Smaller than the Eye Can See: Selected Applications of Video-based Measurement
Author(s)Buyukozturk, Oral; Chen, Justin G.; Wadhwa, Neal; Davis, Abe; Durand, Frederic; Freeman, William T; ... Show more Show less
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Cameras offer advantages over contact sensors, particularly in structures that might be difficult to instrument in a traditional manner. Recent work including motion magnification and phase-based optical flow methods enable the extraction of displacement, vibration, and structural information from videos with imperceptible subpixel motion. In this paper we present two case studies of interest to the structural health monitoring community. One case study involves the analysis of a video from the internal observation deck near the top of the Taipei 101 tower, showing the motion of the tuned mass damper during an earthquake. The other involves using high-speed video to measure the frequency responses of everyday objects as excited by a frequency sweep as reference measurements to identifying the object's material by using separate measurements with a popular song as excitation.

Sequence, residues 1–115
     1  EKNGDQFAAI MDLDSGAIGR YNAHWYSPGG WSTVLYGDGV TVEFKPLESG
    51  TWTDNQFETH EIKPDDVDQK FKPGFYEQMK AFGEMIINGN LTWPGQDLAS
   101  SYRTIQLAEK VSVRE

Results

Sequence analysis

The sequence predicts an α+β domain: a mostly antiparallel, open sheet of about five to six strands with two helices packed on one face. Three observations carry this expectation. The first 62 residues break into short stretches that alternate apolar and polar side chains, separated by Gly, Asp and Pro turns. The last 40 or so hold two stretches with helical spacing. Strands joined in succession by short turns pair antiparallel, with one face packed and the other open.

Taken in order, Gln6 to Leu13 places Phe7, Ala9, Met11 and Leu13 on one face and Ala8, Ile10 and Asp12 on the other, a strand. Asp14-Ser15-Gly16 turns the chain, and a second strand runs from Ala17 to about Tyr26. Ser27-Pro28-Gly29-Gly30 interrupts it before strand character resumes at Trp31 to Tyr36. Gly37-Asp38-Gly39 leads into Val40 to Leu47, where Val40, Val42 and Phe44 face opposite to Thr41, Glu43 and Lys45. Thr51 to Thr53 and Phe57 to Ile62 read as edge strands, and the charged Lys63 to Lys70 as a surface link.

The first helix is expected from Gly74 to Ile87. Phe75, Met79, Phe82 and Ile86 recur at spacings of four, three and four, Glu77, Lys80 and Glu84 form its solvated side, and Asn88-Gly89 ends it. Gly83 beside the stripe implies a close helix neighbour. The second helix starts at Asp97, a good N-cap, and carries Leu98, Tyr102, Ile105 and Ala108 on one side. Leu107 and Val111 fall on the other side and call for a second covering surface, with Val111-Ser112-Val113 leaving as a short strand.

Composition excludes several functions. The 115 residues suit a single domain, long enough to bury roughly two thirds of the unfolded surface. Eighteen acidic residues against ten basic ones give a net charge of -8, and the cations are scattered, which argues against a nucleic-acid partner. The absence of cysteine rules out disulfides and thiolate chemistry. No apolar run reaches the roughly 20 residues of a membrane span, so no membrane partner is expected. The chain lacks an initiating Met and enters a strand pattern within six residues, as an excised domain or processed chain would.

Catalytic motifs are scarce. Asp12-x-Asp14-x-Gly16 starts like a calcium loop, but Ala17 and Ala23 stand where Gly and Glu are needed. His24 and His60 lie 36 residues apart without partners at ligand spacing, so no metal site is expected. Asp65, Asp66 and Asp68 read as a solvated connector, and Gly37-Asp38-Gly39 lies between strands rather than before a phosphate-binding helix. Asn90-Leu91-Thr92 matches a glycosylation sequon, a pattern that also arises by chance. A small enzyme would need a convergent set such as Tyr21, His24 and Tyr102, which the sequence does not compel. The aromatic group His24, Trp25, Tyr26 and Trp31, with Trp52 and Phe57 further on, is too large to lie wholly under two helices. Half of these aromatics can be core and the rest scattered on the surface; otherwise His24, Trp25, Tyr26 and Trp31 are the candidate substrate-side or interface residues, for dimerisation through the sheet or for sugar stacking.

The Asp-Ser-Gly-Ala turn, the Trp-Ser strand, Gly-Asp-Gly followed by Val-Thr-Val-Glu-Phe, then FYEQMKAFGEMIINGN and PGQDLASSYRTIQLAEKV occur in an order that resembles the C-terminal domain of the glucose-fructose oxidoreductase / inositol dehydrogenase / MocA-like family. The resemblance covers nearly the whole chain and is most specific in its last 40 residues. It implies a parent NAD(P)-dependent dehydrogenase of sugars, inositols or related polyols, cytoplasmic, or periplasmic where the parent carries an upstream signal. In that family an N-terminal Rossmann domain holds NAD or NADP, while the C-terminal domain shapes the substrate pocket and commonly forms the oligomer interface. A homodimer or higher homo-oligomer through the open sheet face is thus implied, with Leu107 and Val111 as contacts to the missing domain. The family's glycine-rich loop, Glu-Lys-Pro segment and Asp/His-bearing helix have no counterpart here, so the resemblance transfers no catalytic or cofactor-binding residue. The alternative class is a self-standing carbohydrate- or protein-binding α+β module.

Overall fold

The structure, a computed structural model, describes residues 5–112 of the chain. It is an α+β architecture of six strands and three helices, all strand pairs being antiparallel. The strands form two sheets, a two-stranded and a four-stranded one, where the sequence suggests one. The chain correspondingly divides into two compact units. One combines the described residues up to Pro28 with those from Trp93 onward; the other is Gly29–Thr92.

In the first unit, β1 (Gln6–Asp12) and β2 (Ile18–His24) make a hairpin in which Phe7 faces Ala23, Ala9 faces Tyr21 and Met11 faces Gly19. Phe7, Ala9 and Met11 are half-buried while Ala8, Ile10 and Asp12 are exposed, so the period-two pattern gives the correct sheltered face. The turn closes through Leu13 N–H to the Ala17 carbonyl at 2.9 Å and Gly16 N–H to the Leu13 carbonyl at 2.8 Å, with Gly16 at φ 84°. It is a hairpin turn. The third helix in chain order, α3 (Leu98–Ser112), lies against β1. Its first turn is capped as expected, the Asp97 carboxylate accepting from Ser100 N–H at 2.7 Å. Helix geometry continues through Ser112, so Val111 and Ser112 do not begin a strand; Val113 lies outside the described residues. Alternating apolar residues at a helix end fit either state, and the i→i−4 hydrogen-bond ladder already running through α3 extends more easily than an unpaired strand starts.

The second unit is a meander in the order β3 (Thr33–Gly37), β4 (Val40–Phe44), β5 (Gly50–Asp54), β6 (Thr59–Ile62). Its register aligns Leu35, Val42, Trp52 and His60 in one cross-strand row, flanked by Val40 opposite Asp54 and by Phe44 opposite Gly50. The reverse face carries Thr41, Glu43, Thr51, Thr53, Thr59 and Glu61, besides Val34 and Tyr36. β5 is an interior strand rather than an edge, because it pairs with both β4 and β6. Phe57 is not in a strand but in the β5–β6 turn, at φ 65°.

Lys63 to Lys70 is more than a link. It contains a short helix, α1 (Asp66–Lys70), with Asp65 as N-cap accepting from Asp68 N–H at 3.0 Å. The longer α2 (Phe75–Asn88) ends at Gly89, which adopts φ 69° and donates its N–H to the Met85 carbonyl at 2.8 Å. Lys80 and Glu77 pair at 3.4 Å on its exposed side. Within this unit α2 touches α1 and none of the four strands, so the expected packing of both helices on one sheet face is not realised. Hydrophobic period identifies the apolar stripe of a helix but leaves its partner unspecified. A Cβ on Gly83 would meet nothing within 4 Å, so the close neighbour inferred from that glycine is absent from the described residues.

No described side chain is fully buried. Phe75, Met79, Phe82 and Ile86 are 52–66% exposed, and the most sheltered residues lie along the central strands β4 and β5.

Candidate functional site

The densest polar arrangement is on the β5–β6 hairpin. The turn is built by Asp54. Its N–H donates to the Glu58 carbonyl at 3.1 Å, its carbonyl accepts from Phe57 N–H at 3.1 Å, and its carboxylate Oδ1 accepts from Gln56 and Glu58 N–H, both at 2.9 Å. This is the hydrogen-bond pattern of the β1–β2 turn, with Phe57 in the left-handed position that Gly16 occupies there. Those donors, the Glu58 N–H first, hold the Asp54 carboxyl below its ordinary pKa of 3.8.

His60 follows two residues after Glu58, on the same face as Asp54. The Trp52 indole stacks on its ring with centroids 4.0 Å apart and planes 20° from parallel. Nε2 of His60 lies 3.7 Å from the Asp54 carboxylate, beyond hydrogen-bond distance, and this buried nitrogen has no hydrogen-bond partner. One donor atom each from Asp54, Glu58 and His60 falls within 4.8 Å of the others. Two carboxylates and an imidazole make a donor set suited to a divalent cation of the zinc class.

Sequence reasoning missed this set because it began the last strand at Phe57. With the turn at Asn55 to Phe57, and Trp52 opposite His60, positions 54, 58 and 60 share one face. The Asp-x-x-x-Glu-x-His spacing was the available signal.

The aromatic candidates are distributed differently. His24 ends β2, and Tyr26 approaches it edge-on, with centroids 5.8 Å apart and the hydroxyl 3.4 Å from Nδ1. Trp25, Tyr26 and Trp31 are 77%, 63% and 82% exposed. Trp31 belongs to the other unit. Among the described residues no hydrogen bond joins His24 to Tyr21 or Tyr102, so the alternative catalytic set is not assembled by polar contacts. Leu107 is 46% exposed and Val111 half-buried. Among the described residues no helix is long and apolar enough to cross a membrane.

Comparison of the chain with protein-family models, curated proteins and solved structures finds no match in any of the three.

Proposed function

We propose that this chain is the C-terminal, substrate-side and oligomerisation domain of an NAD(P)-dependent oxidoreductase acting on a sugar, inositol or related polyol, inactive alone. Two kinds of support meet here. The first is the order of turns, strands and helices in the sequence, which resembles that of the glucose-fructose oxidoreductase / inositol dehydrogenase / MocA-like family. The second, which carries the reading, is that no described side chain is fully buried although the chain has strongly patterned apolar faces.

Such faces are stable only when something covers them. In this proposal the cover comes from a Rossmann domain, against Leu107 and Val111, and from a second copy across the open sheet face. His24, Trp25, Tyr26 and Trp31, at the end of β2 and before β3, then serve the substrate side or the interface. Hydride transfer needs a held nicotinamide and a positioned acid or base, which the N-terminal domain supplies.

DepartmentMassachusetts Institute of Technology. Computer Science and Artificial Intelligence Laboratory; Massachusetts Institute of Technology. Department of Civil and Environmental Engineering; Massachusetts Institute of Technology. Department of Electrical Engineering and Computer Science; Massachusetts Institute of Technology. Department of Mechanical Engineering
19th World Conference on Non-Destructive Testing (WCNDT 2016)
Buyukozturk, Oral. et al. “Smaller Than the Eye Can See: Selected Applications of Video-Based Measurement.” 19th World Conference on Non-Destructive Testing (WCNDT 2016), 13-17 June, 2016, Munich, Germany, NDT.org, 2016.
Final published version